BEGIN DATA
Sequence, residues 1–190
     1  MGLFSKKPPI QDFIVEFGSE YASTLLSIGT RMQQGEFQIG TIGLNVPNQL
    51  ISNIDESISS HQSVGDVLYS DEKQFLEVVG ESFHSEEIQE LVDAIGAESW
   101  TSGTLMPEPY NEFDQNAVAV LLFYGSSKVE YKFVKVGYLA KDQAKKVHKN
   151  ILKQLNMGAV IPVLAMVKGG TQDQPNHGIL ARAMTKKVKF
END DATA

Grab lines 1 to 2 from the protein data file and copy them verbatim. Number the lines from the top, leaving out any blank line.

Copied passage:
Sequence, residues 1–190
     1  MGLFSKKPPI QDFIVEFGSE YASTLLSIGT RMQQGEFQIG TIGLNVPNQL